In many cases buy cheap levitra professional 20mg online erectile dysfunction drugs bangladesh, a drug must be transported across one or more biologic membranes to reach the bloodstream 20mg levitra professional with visa erectile dysfunction questions to ask. Diffusion of un-ionized drugs is the most common and most important mode of traversing bio- logic membranes; drugs diffuse passively down their concentration gradient. Diffusion can be influenced significantly by the lipid–water partition coefficient of the drug, which is the ratio of solubility in an organic solvent to solubility in an aqueous solution. In general, absorption increases as lipid solubility (partition coefficient) increases. Other factors that also can influ- ence diffusion include the concentration gradient of the drug across the cell membrane, and the surface area of the cell membrane. The degree of ionization of a weak acid or base is determined by the pK of the drug and pH of its environment according to the Henderson-Hasselbalch equation. Number of individuals (as percent- age of the population) who require the indicated drug dose to exhibit an identi- 20 cal response. When the pK of a drug equals the pH of the surroundings, 50% ionization occurs; that is, equal numbers of ionized and un-ionized species are present. The pH of the biologic fluid in which the drug is dissolved affects the degree of ionization and, therefore, the rate of drug transport. Active transport is an energy-dependent process that can move drugs against a concentration gradient, as in protein-mediated transport systems. It is usually the mode of transport for drugs that resemble actively transported endogenous substances such as sugars, amino acids, and nucleosides. Filtration is the bulk flow of solvent and solute through channels (pores) in the membrane. Fil- tration is seen with small molecules (usually with a molecular weight less than 100) that can pass through pores. Some substances of greater molecular weight, such as certain proteins, can be filtered through intercellular channels. Facilitated diffusion is carrier mediated, specific, and saturable; it does not require energy. Oral administration is the most convenient, economical, and common route of administration; it is generally safe for most drugs. Sites of absorption (1) Stomach (a) Lipid-soluble drugs and weak acids, which are normally un-ionized at the low pH (1 to 2) of gastric contents, may be absorbed directly from the stomach. The bioavailability of a drug is the fraction of drug (administered by any route) that reaches the bloodstream unaltered (bioavailability ¼ 1 for intravenous administration). Bioequiva- lence refers to the condition in which the plasma concentration versus time profiles of two drug formulations are identical. After absorption from the stomach or small intestine, a drug must pass through the liver before reaching the general circulation and its target site. If the capacity of liver metabolic enzymes to inactivate the drug is great, only limited amounts of active drug will escape the process. Some drugs are metabolized so extensively as a result of hepatic metabolism during the first pass that it precludes their use. A decreased emptying time generally decreases the rate of absorption because the intestine is the major absorptive site for most orally administered drugs. The absorption of small, very lipid-soluble molecules is ‘‘blood flow limited,’’ whereas highly polar molecules are ‘‘blood flow independent. Parenteral administration generally results in more predictable bioa- vailability than oral administration. It represents the most rapid means of introducing drugs into the body and is particularly use- ful in the treatment of emergencies when absolute control of drug administration is essential. Inhalation results in rapid absorption because of the large surface area and rich blood sup- ply of the alveoli. Inhalation is frequently used for gaseous anesthetics, but it is generally not practical. Inhalation may be useful for drugs that act on the airways, such as epineph- rine and glucocorticoids, which are used to treat bronchial asthma. Sublingual administration is useful for drugs with high first-pass metabolism, such as nitro- glycerin, since hepatic metabolism is bypassed. Intrathecal administration is useful for drugs that do not readily cross the blood–brain barrier. Rectal administration minimizes first-pass metabolism and may be used to circumvent the nausea and vomiting that sometimes result from oral administration. Use of rectal adminis- tration may be limited by inconvenience or patient noncompliance. Topical administration is used widely when a local effect is desired or to minimize systemic effects, especially in dermatology and ophthalmology. Distribution of drugs is the process by which a drug leaves the bloodstream and enters the extracellular fluids and tissues. A drug must diffuse across cellular membranes if its site of action is intracellular. In most tissues, drugs can leave the circulation readily by diffusion across or between capil- lary endothelial cells. Thus, the initial rate of distribution of a drug depends heavily on blood flow to various organs (brain, liver, kidney > muscle, skin > fat, bone). At equilibrium, or steady state, the amount of drug in an organ is related to the mass of the organ and its properties, as well as to the properties of the specific drug. Volume of distribution (Vd) is the volume of total body fluid into which a drug ‘‘appears’’ to dis- tribute after it reaches equilibrium in the body. Volume of distribution is determined by administering a known dose of drug (expressed in units of mass) intravenously and measuring the initial plasma concentration (expressed in units of mass/volume): Vd = amount of drug administered(m/g)/initial plasma concentration(mg/L) Volume of distribution is expressed in units of volume. Standard values of volumes of fluid compartments in an average 70-kg adult are as follows: plasma ¼ 3 liters; extracellular fluid ¼ 12 liters; and total body water ¼ 41 liters. Features of volume of distribution: (1) Vd values for most drugs do not represent their actual distribution in bodily fluids. The use of Vd values is primarily conceptual; that is, drugs that distribute extensively have relatively large Vd values and vice versa. A very high value may indicate that the drug is extensively bound to tissue sites. Drug redistribution describes when the relative distribution of a drug in the body changes with time. This is usually seen with highly lipophilic drugs such as thiopental that initially enter tis- sues with high blood flow (e. Placental barrier (1) Lipid-soluble drugs cross the placental barrier more easily than polar drugs; drugs with a molecular weight of less than 600 pass the placental barrier better than larger molecules.
Promote further study of the pregraduation examinations by the clinical testing agencies and encourage the testing agencies and dental schools to work together to offer the pregraduation examinations to the extent possible purchase generic levitra professional pills erectile dysfunction 34 year old male. Promote the acceptance by all licensing jurisdictions of the National Board Dental Examination in lieu of a separate written examination on oral diagnosis and treatment planning order levitra professional 20mg visa erectile dysfunction medications injection. The objectives were endorsed by the American Dental Association, the American Association of Dental Examiners, the American Association of Dental Schools, and the American Student Dental Association. This allows the candidate to dictions also have created individual requirements utilize more fully the dental school resources during for licensure without examination, thereby reducing the examination and to enter practice more rapidly the uniformity among the requirements. Graduates of Licensure by credentials, or licensure without these accredited Canadian dental programs face examination, is now an acceptable pathway in more minimal additional examinations for licensure, since than 30 licensing jurisdictions. Credentialing allows licensing representatives are part of the accredita- many established dentists and dental hygienists to tion process. This system relies almost wholly on obtain a license to practice without repeating a clin- the accreditation process and faculty evaluations, ical performance examination. The goal of accreditation is to which requires practiced skill, as well as a science. The accreditation added to their didactic curriculum, often having to process evaluates the educational programs and the reduce the clinical experiences for the students to do physical facilities, not the clinical skills of the graduat- so. This can lead to poor test results on of these schools must meet individual state require- the initial competency exam. A 1995 Institute of Medicine study (Field, 1995) rec- Most states will not license a graduate of a non- ommended that reform in the accreditation process accredited school unless that individual attends an should focus on educational outcomes and on stan- accredited school for a specified period of time and is dards and methods that will identify and improve those either granted a degree or certified as equivalently edu- schools that are not educating their students effectively. Only California, Hawaii, and Ohio license a graduate of a non-accred- Continuing Competency ited dental school without these requirements. In solve medical problems with new science and technolo- addition, other organizations, such as the Academy of gy have provided additional impetus for protective reg- General Dentistry, have programs that grant fellowship ulations. The consequent cost is significant; it is esti- and mastership status to general dentists who achieve mated that the cost of federal regulation to a family of milestones in continuing professional education. Accounting procedures, the protection of rule, which was written largely with the hospital patient records, and the use of specific equipment in environment in mind, have had significant cost certain clinical procedures are the more apparent implications for dental care. In each case, laws and areas where there are efforts to regulate details of the attendant regulations were created to respond to clinical practice (Palmer, 2000a and 2000c; and problems and address perceived needs. Regulation of the dental practice case, these laws and regulations have had unfore- is so extensive today that new entrepreneurial enti- seen consequences, some of which have worked ties have emerged offering courses to teach dental counter to original intentions. Regulations become less favorable for such sweeping regula- governing the dental practice range from local zon- tions, especially when promulgating them has ing requirements regarding parking lot require- dramatic cost implications for the affected sector ments, to requirements for apparel worn in public and its consumers without identifying offsetting places that could be contaminated from the work- funding. That action was a response In the United States, government has traditionally to vigorous opposition to the rule. As health insurance became Purported benefits are difficult to estimate accurate- commonplace, the third party payer entered into the ly. The resulting complex of responsibilities, costs are more easily developed and should be avail- relationships and priorities created a mandate for regu- able for any regulation. Regulation of the dental workplace technology, education, and workforce that best is intended to protect the safety of dental practice serve the public interest. There will be Two examples that pose this possibility in the increased demand for continued development of near term are a promulgated but not yet enforced computer-based simulation as a valid method for rule on medical information privacy and a guidance testing clinical skills. Alternatives to professionals must provide translation services to traditional licensure and state-specific licensure will non-English speaking patients. The recent trend in on in-depth clinical competency for the initial com- dental office design has been toward exactly this type petency examination. These are but two examples of why the regu- late more uniform scopes of practice among the latory pendulum will likely continue to swing between state statutes and regulations. A critical under-supply of laboratory techni- cians will occur in the future unless the number of students in this field is increased. The exponential- ly expanding aspects of technology will provide new materials and procedures that will initiate expanded functions for allied personnel. The complexities and interrelations of oral and systemic diseases will continue to evolve and require more extensive examination and diagnosis by a licensed dentist for every dental patient. The liferation of ideas and assumptions, both correct expansion of the predoctoral curriculum has limited and incorrect, must not be allowed to lead to leg- the dental schools ability to teach their students the islative initiatives or regulations without scientific laboratory skills that were traditionally taught in the validation. Dentistry must proactively promote dental labo- to ensure that valid science is the basis for necessary ratory technology as an attractive career choice, as and appropriate regulation. It appears very likely well as increasing the availability of education for den- that one of the greatest issues of today––access to tal laboratory technicians. States should also assure that all regulation is based regulations and overlap of scope may render it diffi- on valid scientific evaluation and solutions. All tal professionals should serve as advocates and resources licensing jurisdictions should meet basic psychome- for developing regulatory policy development. Accreditation of the evaluation process for allied dental personnel through innovative licensure examinations should be investigated. If approaches to education, strengthened standards and when the accreditation process includes out- for continuing education credits, and outcome come assessments of the clinical skills of dental assessments for relicensure and recertification. Increased recruitment efforts will be necessary to Alternatives to live-patient examinations should assure sufficient numbers of dental hygienists, den- continue to be investigated. If successful, the profession will be able to Dental professionals have many opportunities to continue its service to the public unimpeded by meet competency requirements in a positive and ben- unnecessary regulation. The challenge is to find more effective The ability of the profession to influence public and efficient ways to continue to improve the process. Representa- dents more clinical experiences and remediation tives of the practicing dental community must be when needed. Currently, residency programs are involved in the decision-making process as Medicare, available only to the highest-ranking students. This time of great change may ics that serve populations of low socioeconomic sta- introduce operating systems that are not well thought tus. Funding of this additional educational experi- out and certainly are not well tested. Time- The profession must be proactive to ensure that proven, value-driven systems may be destroyed and the policies promoted by advocacy groups are based lives hurt in the process unless there is an appropriate on scientific fact, not anecdotal information. For deliberative process for the institution of regulatory example, increased federal regulation and the geo- change. Regulation will be beneficial if it adds safety graphic mobility of dentists have stimulated the and value to the services provided. References Outcome assessments could be a surrogate for relicensure and/or recertification. Chicago: American Dental ments as an integral part of relicensure or continued Association; 2001.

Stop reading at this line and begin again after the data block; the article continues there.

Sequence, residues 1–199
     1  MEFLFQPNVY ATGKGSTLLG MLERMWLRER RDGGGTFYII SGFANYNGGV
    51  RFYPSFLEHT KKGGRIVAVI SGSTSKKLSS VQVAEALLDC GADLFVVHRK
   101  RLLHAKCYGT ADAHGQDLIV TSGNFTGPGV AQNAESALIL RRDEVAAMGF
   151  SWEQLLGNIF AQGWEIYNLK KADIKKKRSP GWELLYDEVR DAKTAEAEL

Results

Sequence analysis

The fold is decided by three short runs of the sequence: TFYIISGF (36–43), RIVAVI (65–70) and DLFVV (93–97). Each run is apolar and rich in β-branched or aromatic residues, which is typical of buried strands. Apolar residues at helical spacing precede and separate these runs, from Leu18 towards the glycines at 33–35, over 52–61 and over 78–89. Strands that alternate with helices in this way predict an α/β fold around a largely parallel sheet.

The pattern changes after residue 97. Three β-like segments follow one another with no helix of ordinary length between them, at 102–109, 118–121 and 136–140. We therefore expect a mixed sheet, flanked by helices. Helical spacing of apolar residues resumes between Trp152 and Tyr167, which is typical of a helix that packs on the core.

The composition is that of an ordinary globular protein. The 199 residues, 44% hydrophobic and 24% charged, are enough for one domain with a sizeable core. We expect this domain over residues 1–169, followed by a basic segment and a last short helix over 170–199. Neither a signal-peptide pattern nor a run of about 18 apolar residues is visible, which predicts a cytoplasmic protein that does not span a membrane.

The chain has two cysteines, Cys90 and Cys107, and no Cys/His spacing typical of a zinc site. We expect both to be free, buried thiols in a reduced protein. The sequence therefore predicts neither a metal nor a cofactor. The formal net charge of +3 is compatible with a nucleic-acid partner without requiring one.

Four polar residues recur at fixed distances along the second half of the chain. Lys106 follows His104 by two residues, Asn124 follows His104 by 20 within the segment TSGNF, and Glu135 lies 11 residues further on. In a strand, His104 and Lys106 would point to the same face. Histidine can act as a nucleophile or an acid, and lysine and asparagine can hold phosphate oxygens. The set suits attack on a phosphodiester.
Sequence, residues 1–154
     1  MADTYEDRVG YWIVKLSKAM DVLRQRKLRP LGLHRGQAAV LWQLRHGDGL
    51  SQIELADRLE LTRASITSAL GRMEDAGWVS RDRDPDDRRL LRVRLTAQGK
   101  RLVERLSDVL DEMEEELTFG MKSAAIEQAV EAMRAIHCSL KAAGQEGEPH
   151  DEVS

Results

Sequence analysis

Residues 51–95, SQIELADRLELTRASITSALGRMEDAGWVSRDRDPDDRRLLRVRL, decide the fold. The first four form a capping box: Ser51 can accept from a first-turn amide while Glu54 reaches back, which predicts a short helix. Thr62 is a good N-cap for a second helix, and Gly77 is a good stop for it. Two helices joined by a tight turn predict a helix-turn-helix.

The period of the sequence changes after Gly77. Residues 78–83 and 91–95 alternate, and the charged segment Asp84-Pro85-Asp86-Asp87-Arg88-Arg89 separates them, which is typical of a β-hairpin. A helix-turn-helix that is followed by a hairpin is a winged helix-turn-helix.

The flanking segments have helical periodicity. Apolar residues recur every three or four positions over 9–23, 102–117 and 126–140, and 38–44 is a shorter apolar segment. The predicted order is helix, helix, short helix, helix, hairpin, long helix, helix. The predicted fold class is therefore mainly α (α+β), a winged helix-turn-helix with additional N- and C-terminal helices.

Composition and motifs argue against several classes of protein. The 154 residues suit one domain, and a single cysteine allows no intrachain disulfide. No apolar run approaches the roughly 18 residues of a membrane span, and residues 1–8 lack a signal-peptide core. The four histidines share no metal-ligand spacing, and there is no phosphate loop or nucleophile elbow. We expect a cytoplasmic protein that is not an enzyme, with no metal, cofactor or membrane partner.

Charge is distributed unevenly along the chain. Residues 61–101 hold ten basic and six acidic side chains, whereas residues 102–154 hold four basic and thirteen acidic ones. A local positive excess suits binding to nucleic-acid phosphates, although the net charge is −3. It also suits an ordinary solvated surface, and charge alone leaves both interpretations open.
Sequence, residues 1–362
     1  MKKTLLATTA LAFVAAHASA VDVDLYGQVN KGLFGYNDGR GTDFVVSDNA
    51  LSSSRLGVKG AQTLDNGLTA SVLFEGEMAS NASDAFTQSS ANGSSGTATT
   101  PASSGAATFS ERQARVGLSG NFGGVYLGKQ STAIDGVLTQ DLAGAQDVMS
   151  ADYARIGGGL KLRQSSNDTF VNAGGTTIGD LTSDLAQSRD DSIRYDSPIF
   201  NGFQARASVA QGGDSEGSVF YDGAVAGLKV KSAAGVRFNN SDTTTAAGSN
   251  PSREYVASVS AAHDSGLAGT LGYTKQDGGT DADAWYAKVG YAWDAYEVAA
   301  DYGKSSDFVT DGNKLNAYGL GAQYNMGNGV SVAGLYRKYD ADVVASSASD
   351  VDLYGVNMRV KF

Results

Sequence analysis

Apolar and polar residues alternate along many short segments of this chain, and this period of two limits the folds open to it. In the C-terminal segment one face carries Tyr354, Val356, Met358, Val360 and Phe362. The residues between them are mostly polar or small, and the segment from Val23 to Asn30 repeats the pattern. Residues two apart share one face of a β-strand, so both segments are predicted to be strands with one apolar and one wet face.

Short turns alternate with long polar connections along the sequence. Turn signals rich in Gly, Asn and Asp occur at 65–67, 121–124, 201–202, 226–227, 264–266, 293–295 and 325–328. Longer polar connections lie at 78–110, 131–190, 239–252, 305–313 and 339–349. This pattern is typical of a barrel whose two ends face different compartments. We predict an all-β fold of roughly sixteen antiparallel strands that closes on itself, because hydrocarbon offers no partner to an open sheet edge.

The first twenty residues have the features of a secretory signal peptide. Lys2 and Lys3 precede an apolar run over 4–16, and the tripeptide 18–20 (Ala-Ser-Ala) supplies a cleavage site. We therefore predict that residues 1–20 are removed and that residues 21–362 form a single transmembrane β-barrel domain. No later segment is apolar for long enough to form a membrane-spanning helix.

Versnel has suggested to me order 20mg levitra professional mastercard erectile dysfunction pump how to use, to interpret the sentence as an extreme statement of the author’s belief (expressed in 1 purchase levitra professional 20mg visa impotence questions. There is still another possible interpretation which might be considered, which makes the sentence apply to the practice of temple medicine: ‘while entering the temple [for the healing of a disease], we sprinkle ourselves, not as if we were polluted [by the disease, i. This would suit the author’s aim of distinguishing between moral transgressions (which are, in his opinion, forms of pollution, mismata) and physical diseases (which are not) and would make sense of the words ¢ ti peponq»v in 1. However, on this interpretation pr»teron is difﬁcult, and it would presumably require a perfect participle (memiasmnoi) instead of the present miain»menoi. On the Sacred Disease 67 is wrong to regard epilepsy (or any other disease) as a pollution (this seems to be the point of the words ãsper m©asm ti contav in 1. He obviously thinks that no moral factor (punishment for crime or transgressions) is involved,53 and that, as a consequence, one should not believe that it can be cured by the gods alone. As for the author’s religious notions, we may deduce from these passages that he believes in gods who grant men puriﬁcation of their moral trans- gressions and who are to be worshipped in temples by means of prayer and sacriﬁce. It is difﬁcult to see how this conception of ‘the divine’ (to theion) can be incorporated within the naturalistic theology with which he has often been credited. But instead of concluding, therefore, that the statements of the ﬁrst chapter are merely rhetorical remarks which do not reﬂect the author’s own religious opinion (which is apparently the course taken by most interpreters), I would throw doubt on the reality of this ‘naturalistic theology’ – for which I have given other reasons as well. It seems better to proceed in the opposite direction, which means starting from the religious assertions of the ﬁrst chapter and then trying to understand the statements about the divine character of the disease. In this way, the text can be un- derstood as motivated by two interrelated purposes. First, by claiming that epilepsy is not god-sent in the traditional sense, the author does not intend to reject the notion of divine dispensation as such; his statements are to be regarded as a form of corrective criticism of a traditional religious idea. The author claims that it is blasphemous to hold that a holy and pure being like a god would send diseases as a form of pollution; thus his re- marks may be compared with statements by Plato which aim at correcting and modifying the traditional concept of divine dispensation (theia moira) without questioning the existence of this divine dispensation as such. To a certain extent this may be viewed as an attempt to ‘secularise’ the sacred disease; and from this point of view the positive statements about the divine character of the disease may be regarded as reluctant or even derogatory concessions rather than as proclamations of a new advanced theology. And from this perspec- tive it can further be understood why the author states that epilepsy is not more divine than the other diseases instead of saying that all diseases are just as divine as epilepsy. As we have seen, on the ﬁrst interpretation of the divine character of the disease (which posits its divine character in its being caused by climatic factors), this restricted con- ception of divinity may well be connected with the fact that the inﬂuence of these factors is rather limited (and with the use of the word prophasis). On the second interpretation (and on the reading taÅth d’stª qe±a, ‘in this respect they [i. On both views the derogatory tone of the statements can be understood from the author’s attempt to mark off the boundaries between medicine and religion and to purify the concept of divine dispensation. And it can now also be understood why he deﬁnes the divinity of the disease only in those contexts where he tries to point out the difference between the sense in which his opponents believe it to be divine and the sense in which he himself believes it to be so. This does not imply that the sincerity of the author’s statements about the divine character of the disease should be doubted. Nor should their relationship with developments in natural philosophy and with other con- temporary ideas on religion and the divine be questioned. It is precisely the philosophical search for unity and regularity in natural phenomena, the enquiry into cause and effect, and the belief, expressed by at least some of these philosophers, that in manifesting regularity and constancy these phenomena have a divine aspect, which may have led the author to assign a divine character to the disease in question. But the danger of stressing this relationship with natural philosophy is that we read into the text ideas 56 Contra Norenberg (¨ 1968) 26 and 49, who ignores the rhetorical impact of these statements. This danger is increased when this reading is guided by modern ideas about what is ‘primitive’ or ‘mythic’ and what is ‘advanced’ and ‘rational’, so that by labelling an author as advanced or enlightened we are too much guided in our interpretation of the text by what we expect him to say. Nowhere in On the Sacred Disease do we ﬁnd statements such as that ‘Nature is divine’; nowhere do we ﬁnd an explicit rejection of divine intervention in natural processes or of divine dispen- sation as such. It is important to distinguish between the corrective, ‘cathartic’ criticism of traditional religious beliefs and the exposition of a positive theology. It seems that the author of On the Sacred Disease has been regarded too much as an exponent of the latter, and that he has been regarded more as a philosopher or a theologian than as a physician. Instead, I propose to regard as the author’s primary concern the disengagement of epilepsy from the religious domain (which implies claiming it as an object of medicine) and his accusations of impiety as one rather successful way to achieve this goal; in this way the corrective criticism of a traditional idea (viz. Even if this interpretation is convincing, it cannot be denied that there remains a tension between the author’s belief in gods who cleanse men from their moral transgressions and his statements about the divine character of the disease. This tension becomes especially manifest when we confront his categorical rejection of the idea that holy beings like gods send diseases (which he labels as highly blasphemous) with his assertion, ten lines further down, that diseases are divine in virtue of having a nature. The problem is how this ‘being divine’ of diseases is related to the purifying inﬂuence of the gods mentioned in 1. The author does not explain this, and we may wonder whether he, if he was aware of this problem, would have been capable of solving it. Of course, there are several possible solutions which we might suggest, and we could speculate about the author’s unexpressed ideas on theodicy and on the relation between the gods and the world in terms of providence, deism, determinism, and so on. Thivel draws an almost Aristotelian picture of the author’s world-view: ‘ces dieux... But it will by now have become clear for what reasons (apart from those mentioned ad loc. We have seen that the interpretation of the author’s statements about the divine character of the disease, as well as the attempt to deduce his theological ideas from these statements, involved many problems. We have also seen the difﬁculties involved in the evaluation of the author’s accusations of asebeia, and I have shown that it is possible to discern, in spite of the hypothetical character of most of these accusations, elements of the author’s own conviction. If the results of this discussion (especially my views on the range and on the rhetorical impact of the assertions about the divinity of diseases) are convincing, the discrepancy noted at the beginning of this paper has decreased considerably, though it has not disappeared. Yet we are now in a much better position to formulate the problem more adequately and to look for an explanation that is more to the point than the one offered in section 1. It is certainly wrong to hold that the author of On the Sacred Disease systematically exposes his religious beliefs and his ideas on the nature of divine causation in this text. The writer believes in gods who grant men puriﬁcation of their transgressions pr»fasin), et le monde celeste, sejour des dieux incorruptibles, qui habitent sans doute les astres. On the Sacred Disease 71 and who are to be worshipped in temples by means of prayer and sacriﬁce. The text is silent on the author’s conception of the nature of these gods, but there is, at least, no textual evidence that he rejected the notion of ‘personal’ or even ‘anthropomorphic’ gods. Diseases are not the effects of divine dispensation; nevertheless they have a divine aspect in that they show a constant and regular pattern of origin and development. How this ‘being divine’ is related to ‘the divine’ (or, the gods) which cleanses men from moral transgressions is not explained. The idea of divine dispensation as such is nowhere questioned in the text of On the Sacred Disease. Gods are ruled out as causes of diseases; whether they are ruled out as healers as well is not certain, since the text is silent on this subject. As I remarked earlier, the author does not believe that epilepsy can be cured by natural means in all cases: on two occasions (2. Of course we can only speculate what he would do in such cases, but it does not seem alien to Hippocratic medicine to make an appeal to the gods in such hopeless cases. Nor is the combination of ‘natural’ therapeutic measures with prayers and sacriﬁces unattested in the Hippocratic collection.